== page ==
Problem: Wavy walls and built-up corners
When you lay baseboard against a wall and see gaps between the top of the trim and the drywall, it's usually because of a misaligned stud or a built-up ridge of taping compound over a joint. Both will create bulges that cause gaps. You'll also find the problem at outside and inside corners, again caused by built-up taping compound. While you can scrape off small lumps with a putty knife, you can't move studs or sand off the bulge of compound without creating a huge mess. It's almost always easier to adjust the trim rather than to attempt any wall fixes.
Solution 1: Most standard baseboards these days are 3-1/4 in. high and 3/8 in. thick, which makes them pretty doggone flexible. First hold the trim against the wall after you cut it to length, and look for gaps. If you see some, cut a few braces from 4- to 6-in. lengths of scrap baseboard and put 45-degree angles on the ends. Then apply construction adhesive at the top and bottom. Nail the trim to the studs and then tack the braces to the trim with 1-in.brads. Force the gaps closed with the scrap and tack the blocks to the trim. Leave it overnight to let the adhesive set, and then pry the blocks free. Fill the little holes when you fill the rest of the nailheads.
Solution 2: Thick (3/4-in.) board trim isn't flexible, so it's unlikely you'll be able to flex it against the wall as we show (see Solution 1), nor will glue hold it. The best solution is to simply fill any gaps with caulk. Select a premium acrylic latex caulk ($3-plus per tube) that says “paintable” on the label. Snip a hole in the spout no larger than 1/8 in. for the neatest job. Force the caulk into the gap and fill it a little higher than the top of the trim. Immediately wipe off the excess with a damp rag. The next day, paint the caulk to match the wall color. You'll be surprised how well even large gaps nearly disappear.
Problem: Tilted baseboards
Baseboards, especially narrow ones, will frequently tilt toward the wall at the bottom. That's because the lower nub on thin trim can fall into the space between the drywall edge and the floor. In addition, the baseboard follows the tapered drywall edge near the floor. Taller baseboards usually aren't affected because they're high enough to rest against the flat drywall surface above. Don't worry about small tilts if they're noticeable only at inside corners (see “Tilted Inside Corners,”). Push the base firmly against the wall with your hand to determine how severe the tilts will be. If gaps appear between the top of the trim and the wall, you'll need to use the solutions we show.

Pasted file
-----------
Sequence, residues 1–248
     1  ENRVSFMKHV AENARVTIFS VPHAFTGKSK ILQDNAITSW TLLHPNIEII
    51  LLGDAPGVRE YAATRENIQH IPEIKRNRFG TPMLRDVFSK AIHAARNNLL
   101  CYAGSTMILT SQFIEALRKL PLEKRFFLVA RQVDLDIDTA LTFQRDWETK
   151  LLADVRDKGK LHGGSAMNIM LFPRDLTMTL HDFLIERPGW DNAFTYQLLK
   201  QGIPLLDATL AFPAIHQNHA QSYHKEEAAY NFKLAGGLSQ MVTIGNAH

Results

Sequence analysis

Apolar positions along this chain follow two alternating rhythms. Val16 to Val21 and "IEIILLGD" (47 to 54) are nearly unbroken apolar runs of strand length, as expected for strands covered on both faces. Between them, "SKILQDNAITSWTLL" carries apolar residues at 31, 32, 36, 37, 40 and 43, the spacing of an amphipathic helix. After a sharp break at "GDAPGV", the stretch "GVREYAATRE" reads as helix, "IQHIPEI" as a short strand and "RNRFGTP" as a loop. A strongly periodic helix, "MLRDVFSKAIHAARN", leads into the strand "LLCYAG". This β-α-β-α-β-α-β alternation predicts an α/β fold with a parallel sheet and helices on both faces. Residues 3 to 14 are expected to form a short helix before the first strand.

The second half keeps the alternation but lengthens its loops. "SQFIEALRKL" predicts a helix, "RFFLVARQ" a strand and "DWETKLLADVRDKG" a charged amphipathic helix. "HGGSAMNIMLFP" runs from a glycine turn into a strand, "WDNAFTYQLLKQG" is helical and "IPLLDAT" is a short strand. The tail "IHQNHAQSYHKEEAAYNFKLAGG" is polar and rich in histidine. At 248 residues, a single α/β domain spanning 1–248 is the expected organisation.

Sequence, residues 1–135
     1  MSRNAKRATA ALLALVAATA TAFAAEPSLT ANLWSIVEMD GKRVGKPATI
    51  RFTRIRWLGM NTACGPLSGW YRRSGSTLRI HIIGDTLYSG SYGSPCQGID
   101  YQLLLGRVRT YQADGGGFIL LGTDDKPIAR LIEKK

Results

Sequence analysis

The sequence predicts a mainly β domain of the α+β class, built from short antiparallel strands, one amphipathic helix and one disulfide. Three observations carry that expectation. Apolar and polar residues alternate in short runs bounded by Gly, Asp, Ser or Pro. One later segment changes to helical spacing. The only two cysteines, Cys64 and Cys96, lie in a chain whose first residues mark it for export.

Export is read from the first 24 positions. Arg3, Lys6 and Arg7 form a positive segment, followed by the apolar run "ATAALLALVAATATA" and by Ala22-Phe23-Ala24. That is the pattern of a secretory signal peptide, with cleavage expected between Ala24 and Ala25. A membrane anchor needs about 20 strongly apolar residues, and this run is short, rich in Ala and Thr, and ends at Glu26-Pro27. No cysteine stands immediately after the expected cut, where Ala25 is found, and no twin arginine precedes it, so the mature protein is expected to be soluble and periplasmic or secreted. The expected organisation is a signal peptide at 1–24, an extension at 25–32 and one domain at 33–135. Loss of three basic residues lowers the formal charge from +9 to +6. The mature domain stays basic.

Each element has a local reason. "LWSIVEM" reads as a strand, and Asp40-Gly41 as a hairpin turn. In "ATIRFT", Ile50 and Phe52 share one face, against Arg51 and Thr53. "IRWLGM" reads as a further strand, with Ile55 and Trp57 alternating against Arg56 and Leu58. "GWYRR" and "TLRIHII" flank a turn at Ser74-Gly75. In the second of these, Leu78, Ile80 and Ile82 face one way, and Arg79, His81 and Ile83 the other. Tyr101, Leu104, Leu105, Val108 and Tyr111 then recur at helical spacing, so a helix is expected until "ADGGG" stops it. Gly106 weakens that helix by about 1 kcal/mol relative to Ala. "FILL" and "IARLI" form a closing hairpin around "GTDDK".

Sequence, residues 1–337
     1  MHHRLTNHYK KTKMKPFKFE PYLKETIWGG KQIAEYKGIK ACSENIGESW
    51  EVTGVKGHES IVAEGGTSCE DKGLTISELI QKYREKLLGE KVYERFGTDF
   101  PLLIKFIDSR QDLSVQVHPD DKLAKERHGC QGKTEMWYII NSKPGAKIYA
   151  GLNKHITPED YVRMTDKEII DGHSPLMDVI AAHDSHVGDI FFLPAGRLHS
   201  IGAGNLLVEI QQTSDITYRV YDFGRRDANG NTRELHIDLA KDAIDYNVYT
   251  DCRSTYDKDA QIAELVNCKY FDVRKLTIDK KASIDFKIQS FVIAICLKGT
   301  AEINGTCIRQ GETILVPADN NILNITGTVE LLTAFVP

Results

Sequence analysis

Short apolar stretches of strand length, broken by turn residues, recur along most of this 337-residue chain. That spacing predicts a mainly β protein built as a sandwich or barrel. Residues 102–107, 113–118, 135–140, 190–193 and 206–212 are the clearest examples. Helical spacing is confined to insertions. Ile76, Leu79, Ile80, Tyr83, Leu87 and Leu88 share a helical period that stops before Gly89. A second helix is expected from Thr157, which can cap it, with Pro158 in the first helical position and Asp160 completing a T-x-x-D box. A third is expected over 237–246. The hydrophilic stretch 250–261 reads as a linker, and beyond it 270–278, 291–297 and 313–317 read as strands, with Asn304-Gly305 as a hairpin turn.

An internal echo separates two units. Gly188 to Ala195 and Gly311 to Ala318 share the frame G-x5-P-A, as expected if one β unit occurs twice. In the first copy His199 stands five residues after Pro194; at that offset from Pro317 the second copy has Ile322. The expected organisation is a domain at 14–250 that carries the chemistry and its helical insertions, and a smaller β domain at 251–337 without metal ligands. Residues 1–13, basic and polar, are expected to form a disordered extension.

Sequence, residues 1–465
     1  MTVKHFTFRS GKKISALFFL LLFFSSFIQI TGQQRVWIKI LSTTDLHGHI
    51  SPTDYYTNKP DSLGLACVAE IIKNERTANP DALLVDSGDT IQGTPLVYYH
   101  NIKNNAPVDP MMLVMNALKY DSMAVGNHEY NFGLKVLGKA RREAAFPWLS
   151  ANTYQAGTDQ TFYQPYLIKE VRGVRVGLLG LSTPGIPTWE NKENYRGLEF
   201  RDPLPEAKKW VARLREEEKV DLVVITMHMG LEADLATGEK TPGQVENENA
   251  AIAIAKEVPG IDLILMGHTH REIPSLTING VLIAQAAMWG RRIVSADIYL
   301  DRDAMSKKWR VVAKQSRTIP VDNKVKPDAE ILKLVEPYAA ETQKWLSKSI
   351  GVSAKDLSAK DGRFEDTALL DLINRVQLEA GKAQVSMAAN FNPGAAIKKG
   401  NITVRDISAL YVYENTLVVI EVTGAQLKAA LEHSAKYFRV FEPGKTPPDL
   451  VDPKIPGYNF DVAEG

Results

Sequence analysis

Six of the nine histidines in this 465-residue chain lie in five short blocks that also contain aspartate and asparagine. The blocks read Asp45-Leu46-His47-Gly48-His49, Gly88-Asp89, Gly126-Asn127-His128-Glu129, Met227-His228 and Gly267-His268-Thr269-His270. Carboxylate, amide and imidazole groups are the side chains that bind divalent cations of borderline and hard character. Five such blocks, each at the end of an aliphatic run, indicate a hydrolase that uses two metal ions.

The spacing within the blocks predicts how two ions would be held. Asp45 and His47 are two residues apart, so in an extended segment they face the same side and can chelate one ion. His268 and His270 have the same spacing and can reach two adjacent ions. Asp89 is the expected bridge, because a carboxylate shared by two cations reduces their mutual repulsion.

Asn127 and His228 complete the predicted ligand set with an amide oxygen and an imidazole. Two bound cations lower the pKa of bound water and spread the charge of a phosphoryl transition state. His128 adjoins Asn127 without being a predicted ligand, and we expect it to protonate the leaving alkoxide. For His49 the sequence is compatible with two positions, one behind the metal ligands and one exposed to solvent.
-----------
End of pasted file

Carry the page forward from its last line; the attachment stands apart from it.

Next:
Solution 1: Carpeting and pad together are at least 1 in. thick, meaning that it covers at least the lower 3/4 in. of baseboard, so there's no reason to rest base right on the floor. You can fix a tilted baseboard by raising it above the drywall gap. Cut a few 3/8- to 1/2-in. thick spacers (6-in. scraps of standard base will do). Lay them flat on the floor every few feet, and then cut the base to fit, rest it on the spacers and nail it into place. This technique also leaves more of that handsome baseboard showing above the carpet. One more thing: Carpet installers prefer to cut the carpet a little long and tuck the excess into the gap for a neater job.
Solution 2: When you're installing baseboards over vinyl, wood or plastic laminate floors, the best way to handle gaps between the drywall and the flooring is to shim the gap with narrow blocks of 1/2-in.wood. Any wood will work, but chunks of 1/2-in. scrap plywood are ideal. Cut the blocks and tuck them into the gap every few feet. There's no need to nail or glue them into place; just install the baseboard right over them, tight against the floor. It's best to keep the nails at the bottom of the base above the gap so they go through drywall, not air.
Problem: Tilted inside corners
Trim at inside corners often won't meet evenly despite a perfectly cut cope. That's generally because corner tape joints don't always get filled or sanded all the way to the floor. (I know a few drywall finishers who don't like to bend over.) The tapered drywall edge can also cause tipping.